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Opinion >  Column

Eye on Boise: Fulcher decries Otter’s wolf control fund

BOISE – Sen. Russ Fulcher is ripping Gov. Butch Otter’s proposal for a new $2 million wolf control fund. “I don’t know what we need to spend $2 million for,” Fulcher said on a Boise talk radio show this past week, after Otter announced the new fund in his State of the State message. Fulcher, who is challenging Otter in the GOP primary, said Otter’s plan would “create another bureaucracy in order to manage this.”

Otter’s proposed state budget for next year calls for spending $2 million in state general funds to start up the new fund, and then adding contributions each year of $110,000 from hunting license fees and the livestock industry to sustain the fund. “This three-pronged approach will provide the revenue needed to more effectively control Idaho’s burgeoning wolf population and ease the impact on our livestock and wildlife,” Otter said to applause.

Wolf control is a touchy subject; Idaho currently is being sued over its move to hire a professional hunter to exterminate two wolf packs in the Frank Church-River of No Return Wilderness, and federal wildlife agencies have lost a chunk of their funding for such efforts to federal budget cuts in recent years.

Fulcher, R-Meridian, said, “Why wouldn’t we just increase the number of (wolf hunting) tags and let one predator take care of another? … This is an emotional issue in this state. I don’t know why we need another bureaucracy.”

Jones joins race

Jana Jones, a Democrat who narrowly lost to Tom Luna in 2006, is making another run for state superintendent of public instruction. “I’ve spent the last 40 years in education in the classroom, in school districts, at the state level, and in both the public and private sectors and I know what it takes to bring everyone to the table to do what’s best for Idaho’s kids,” Jones said in her announcement.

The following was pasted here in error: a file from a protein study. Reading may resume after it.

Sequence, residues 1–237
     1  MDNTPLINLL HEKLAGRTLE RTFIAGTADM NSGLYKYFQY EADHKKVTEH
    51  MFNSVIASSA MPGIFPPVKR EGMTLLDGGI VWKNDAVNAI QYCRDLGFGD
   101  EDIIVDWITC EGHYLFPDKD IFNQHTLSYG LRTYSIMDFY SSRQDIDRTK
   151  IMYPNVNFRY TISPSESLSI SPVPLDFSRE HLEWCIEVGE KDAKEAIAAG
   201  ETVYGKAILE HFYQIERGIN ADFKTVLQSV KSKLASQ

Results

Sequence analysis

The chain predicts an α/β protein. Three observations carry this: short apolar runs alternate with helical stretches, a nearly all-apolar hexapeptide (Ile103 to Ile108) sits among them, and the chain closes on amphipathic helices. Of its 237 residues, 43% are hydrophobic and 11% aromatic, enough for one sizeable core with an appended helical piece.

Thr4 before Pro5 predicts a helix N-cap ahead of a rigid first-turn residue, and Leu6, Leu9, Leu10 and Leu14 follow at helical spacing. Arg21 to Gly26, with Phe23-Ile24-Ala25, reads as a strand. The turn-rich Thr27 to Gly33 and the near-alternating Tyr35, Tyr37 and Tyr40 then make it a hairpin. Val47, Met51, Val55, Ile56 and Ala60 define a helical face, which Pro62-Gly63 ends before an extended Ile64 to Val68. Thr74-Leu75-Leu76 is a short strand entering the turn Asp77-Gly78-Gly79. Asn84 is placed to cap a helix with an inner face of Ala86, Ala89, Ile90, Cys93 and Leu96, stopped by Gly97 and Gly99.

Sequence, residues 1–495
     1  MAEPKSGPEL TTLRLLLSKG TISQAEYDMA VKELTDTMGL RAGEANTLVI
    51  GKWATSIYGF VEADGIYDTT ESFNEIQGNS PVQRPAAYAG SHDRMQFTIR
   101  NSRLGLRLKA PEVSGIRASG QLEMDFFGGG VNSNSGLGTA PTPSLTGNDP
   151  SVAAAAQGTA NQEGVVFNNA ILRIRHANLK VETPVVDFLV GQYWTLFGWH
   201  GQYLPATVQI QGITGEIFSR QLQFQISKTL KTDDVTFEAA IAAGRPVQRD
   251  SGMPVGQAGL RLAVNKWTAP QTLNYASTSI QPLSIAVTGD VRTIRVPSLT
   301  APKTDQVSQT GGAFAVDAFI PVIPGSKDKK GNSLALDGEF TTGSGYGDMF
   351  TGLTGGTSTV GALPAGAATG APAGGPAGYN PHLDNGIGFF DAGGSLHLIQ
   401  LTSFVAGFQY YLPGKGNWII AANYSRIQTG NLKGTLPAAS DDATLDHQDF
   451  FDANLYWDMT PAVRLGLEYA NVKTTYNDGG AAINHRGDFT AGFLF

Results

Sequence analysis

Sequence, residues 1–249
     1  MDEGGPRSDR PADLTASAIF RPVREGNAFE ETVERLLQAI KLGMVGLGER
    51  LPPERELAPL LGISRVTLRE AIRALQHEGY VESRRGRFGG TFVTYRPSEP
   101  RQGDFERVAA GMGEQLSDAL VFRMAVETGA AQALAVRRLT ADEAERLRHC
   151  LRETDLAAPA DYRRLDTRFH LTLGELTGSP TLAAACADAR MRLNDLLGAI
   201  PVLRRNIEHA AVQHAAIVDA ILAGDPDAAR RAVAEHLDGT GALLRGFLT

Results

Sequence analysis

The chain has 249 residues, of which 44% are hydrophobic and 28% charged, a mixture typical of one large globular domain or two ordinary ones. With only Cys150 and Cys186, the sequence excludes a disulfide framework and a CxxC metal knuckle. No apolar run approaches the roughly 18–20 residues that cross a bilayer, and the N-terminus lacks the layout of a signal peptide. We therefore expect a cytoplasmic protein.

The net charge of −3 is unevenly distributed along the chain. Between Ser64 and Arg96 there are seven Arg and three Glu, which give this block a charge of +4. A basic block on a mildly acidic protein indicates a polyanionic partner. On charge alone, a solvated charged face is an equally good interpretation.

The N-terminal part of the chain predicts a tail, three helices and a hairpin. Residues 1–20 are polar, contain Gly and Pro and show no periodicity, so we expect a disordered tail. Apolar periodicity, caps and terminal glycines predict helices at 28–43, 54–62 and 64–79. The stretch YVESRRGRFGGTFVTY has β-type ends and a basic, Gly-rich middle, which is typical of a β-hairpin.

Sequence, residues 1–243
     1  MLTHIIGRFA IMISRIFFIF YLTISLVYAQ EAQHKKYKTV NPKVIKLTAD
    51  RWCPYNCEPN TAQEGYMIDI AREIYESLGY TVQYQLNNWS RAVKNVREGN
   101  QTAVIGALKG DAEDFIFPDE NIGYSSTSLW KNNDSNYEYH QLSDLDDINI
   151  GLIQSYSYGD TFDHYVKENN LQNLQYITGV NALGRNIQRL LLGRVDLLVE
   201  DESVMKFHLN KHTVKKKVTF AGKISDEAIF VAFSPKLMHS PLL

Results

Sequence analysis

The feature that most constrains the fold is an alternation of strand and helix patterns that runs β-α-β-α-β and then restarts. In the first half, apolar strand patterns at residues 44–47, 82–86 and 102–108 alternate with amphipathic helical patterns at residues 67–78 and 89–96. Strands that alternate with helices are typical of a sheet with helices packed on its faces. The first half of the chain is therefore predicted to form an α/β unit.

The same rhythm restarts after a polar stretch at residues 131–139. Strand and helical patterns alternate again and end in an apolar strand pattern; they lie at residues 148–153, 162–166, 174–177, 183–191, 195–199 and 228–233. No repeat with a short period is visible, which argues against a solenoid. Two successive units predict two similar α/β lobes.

Jones, who holds a bachelor’s degree in special education and a doctorate in educational leadership, taught public school and holds state endorsements to serve as a principal, superintendent and special education director. She also founded a prominent early childhood education center in Idaho Falls, headed Gov. Cecil Andrus’ Office for Children, worked at the state Department of Education under three superintendents and was chief deputy superintendent to then-Superintendent Marilyn Howard. In the 2006 election, Luna defeated Jones 51 percent to 49 percent; Luna had lost to Howard four years earlier.

Jones said, “There’s lots of work to do. Budgets and programs have been cut, classrooms are overcrowded, local control has been diminished and trust has been lost. You have to ask yourself: Do you feel better about our schools today than you did a few years ago? Probably not. I want us to start feeling good about our schools again.”

Luna, a Republican, has not yet announced whether he’ll seek a third term as superintendent. He was re-elected in 2010 with 60.5 percent of the vote, but his signature school reform laws were repealed by voters last year, with one drawing a 66.7 percent “no” vote.

Public hearing set

Nearly 2,000 people traveled to Boise from all parts of the state in 2011 and 2012 to have their say on the state budget at big public hearings, a first for the Joint Finance-Appropriations Committee. Until then, it had been the only committee in the Legislature that didn’t take public testimony, though it writes the entire state budget.

That ended last year, when two hearings were scheduled but then legislative leaders canceled them, saying they didn’t want the budget committee to get out ahead of the House and Senate education committees as they considered the results of voters’ rejection of the Students Come First school reform referendums.

Now, the public hearings are back. This year, the Health and Welfare and Education committees will host public hearings, and then JFAC will have one, too – on Valentine’s Day.

“I think it’s important,” said JFAC Co-Chair Dean Cameron, R-Rupert. Past hearings came during big budget cuts. Times are different now, but there’s still not enough state revenue to cover all the identified needs, Cameron said. “It’s important to help us prioritize the money that we have.”

Knew it’d be tepid?

Fulcher issued a video response to Otter’s State of the State message decrying Otter’s “tepid leadership” and saying the two-term governor’s address “offers more evidence that he is out of touch with Idaho’s problems.” His campaign acknowledged, however, that the video was prerecorded – before Fulcher saw the speech.

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